Posts Tagged ‘script writing’

Mozilla Game On and the Open Web mystery

Thursday, February 3rd, 2011

“Game On 2010 is Mozilla Labs’ first international gaming competition. Game On is all about games built, delivered and played on the open Web and the browser.”

That sounds good, he? That’s what we thought too, and the reason why we submitted Naked on Pluto to the competition. Our game is entirely free software, developed with free software, makes use of the latest open standards but most importantly tries to look from a critical angle to the open Web and its glossy origin, Web 2.0. We did not enter to win (it would be nice of course!) but to have the opportunity to get feedback on our work from an interested audience and experts of the field.

So we thought.

Naked on Pluto Alpha Release

Monday, November 15th, 2010

screenshot naked on pluto 1

This is the alpha release of Naked on Pluto!

Plutonian Striptease X: Constant

Sunday, October 31st, 2010

astounding stories of super science: spawn of the stars
Plutonian Striptease is a series of interviews with experts, owners, users, fans and haters of social media, to map the different views on this topic, outside the existing discussions surrounding privacy.

Constant is a non-profit association, an interdisciplinary arts-lab based and active in Brussels since 1997. Constant works in-between media and art and is interested in the culture and ethics of the World Wide Web. The artistic practice of Constant is inspired by the way that technological infrastructures, data-exchange and software determine our daily life. Free software, copyright alternatives and (cyber)feminism are important threads running through the activities of Constant. Constant organizes workshops, print-parties, walks and ‘Verbindingen/Jonctions’-meetings on a regular basis for a public that’s into experiments, discussions and all kinds of exchanges.

Michel Cleempoel, graduated at the national superior art school of la Cambre – Brussels. Author of numerous digital art works and exhibitions, in collaboration with Nicolas Malevé.

Nicolas Malevé, a multimedia artist since 1998, has been an active member of the association Constant. As such, he has taken part in organizing various activities to do with alternatives to copyrights, such as Copy.cult & The Original Si(g)n, held in 2000. He has been developing multimedia projects and web applications for cultural organisations. His research work is currently focused on information structures, metadata and the semantic web and the means to visually represent them.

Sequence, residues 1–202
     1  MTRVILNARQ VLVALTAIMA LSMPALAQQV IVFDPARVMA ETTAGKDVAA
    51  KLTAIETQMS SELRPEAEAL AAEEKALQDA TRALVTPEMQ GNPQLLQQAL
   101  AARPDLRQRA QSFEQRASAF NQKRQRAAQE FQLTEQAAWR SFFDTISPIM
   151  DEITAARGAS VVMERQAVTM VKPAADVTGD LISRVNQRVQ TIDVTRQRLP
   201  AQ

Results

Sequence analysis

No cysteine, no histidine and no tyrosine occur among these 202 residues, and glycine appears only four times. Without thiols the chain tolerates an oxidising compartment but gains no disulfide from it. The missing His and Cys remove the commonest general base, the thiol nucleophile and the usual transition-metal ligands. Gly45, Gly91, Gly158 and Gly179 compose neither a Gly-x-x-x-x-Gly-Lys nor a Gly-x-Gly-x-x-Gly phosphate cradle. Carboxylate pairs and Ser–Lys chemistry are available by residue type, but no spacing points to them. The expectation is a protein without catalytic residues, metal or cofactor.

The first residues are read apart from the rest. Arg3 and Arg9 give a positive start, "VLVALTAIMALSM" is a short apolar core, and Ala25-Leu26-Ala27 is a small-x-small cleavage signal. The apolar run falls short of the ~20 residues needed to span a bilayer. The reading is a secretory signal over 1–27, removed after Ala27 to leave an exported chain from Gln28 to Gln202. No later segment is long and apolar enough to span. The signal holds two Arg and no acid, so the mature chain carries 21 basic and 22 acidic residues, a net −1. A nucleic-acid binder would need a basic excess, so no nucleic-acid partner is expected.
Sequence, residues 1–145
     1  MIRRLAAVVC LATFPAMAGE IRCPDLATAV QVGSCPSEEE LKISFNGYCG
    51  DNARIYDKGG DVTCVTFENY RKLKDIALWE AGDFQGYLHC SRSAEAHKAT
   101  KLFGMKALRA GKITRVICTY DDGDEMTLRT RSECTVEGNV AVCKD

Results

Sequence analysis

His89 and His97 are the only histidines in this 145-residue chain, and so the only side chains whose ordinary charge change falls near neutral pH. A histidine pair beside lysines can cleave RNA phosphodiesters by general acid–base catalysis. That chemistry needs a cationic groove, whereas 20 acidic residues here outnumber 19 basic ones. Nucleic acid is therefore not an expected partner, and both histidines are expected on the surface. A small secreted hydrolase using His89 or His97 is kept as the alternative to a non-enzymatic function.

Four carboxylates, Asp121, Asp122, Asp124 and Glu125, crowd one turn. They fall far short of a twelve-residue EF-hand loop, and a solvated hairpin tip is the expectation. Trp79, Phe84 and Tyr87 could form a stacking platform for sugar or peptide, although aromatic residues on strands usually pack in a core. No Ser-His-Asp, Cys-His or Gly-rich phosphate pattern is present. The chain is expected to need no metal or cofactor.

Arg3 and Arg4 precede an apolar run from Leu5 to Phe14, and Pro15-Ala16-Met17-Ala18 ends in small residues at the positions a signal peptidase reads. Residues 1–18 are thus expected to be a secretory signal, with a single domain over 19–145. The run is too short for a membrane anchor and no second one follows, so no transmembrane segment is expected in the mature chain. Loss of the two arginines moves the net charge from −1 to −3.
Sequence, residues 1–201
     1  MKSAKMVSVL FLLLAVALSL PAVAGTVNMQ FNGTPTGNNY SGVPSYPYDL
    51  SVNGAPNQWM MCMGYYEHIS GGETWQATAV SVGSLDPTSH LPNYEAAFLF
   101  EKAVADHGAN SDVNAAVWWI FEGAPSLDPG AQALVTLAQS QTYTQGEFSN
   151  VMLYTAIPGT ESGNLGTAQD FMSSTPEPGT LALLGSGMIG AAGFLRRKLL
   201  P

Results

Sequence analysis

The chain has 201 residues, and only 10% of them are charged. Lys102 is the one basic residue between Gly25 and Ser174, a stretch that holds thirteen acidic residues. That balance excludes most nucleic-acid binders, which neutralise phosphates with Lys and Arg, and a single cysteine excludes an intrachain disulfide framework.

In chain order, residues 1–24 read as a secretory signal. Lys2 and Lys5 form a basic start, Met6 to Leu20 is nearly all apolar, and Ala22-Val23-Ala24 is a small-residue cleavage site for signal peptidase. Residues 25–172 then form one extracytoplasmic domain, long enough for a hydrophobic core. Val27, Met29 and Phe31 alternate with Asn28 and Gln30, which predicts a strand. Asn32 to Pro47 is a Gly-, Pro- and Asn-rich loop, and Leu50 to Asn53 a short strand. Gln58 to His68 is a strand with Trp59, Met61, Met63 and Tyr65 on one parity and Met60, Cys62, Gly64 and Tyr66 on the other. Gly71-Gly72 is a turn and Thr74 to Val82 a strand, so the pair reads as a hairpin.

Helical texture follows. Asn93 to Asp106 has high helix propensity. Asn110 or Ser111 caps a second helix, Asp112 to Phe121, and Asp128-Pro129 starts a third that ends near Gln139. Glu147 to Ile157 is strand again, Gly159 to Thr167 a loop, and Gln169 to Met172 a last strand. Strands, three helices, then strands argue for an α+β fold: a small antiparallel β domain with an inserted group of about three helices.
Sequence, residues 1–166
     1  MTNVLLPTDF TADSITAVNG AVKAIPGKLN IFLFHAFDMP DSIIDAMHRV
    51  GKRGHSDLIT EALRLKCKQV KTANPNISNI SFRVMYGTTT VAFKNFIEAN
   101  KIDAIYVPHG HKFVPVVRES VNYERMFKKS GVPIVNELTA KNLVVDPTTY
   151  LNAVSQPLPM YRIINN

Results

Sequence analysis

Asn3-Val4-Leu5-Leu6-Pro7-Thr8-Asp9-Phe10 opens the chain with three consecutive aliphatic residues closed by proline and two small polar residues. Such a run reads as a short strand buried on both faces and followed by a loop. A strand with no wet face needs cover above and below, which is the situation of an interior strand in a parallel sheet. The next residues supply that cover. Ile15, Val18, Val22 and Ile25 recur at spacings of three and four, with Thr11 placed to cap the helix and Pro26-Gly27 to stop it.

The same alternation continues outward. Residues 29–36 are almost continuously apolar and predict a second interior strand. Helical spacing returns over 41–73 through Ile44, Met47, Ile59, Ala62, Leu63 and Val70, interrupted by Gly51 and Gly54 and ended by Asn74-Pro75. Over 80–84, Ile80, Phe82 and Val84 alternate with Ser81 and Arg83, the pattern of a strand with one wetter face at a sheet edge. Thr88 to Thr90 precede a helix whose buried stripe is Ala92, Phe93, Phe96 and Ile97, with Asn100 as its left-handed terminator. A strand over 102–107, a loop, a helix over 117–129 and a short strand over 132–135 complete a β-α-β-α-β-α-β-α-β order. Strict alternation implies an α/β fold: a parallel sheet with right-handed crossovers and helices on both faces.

Social networks are often in the news, why do you think this is?
Essentially because of their scale. Facebook reports having more than 500 million active users.[1] This, of course, inspires all kinds of commercial dreams. Social networks barely brought something new to the web. For personal pages, Friendster predates largely Facebook and the other social networks. And the functionalities they offer barely innovate. It is their momentum though since a large portion of the online population happily subscribes and uses these services. In our view, social networks are an internet in miniature, what the bourgeois garden is to nature: a domestic version, with fences, controllable, reassuring, narrow-minded. They have their own version of email, chat, links, search, page but everything in redux. As they are powered by social pressure, they are an endless source of anecdotes fueling the media.

It is important to remark that we hear a lot about proprietary social networks and too rarely about free social networks in the mainstream media. They exist though and are used by governments, businesses or academic institutions: ie, elgg[2], a social network releasing its code under the GPL powers various important platforms like Oxfam, Federal Canadian Government, Johns Hopkins University or Université Lille 1. (more…)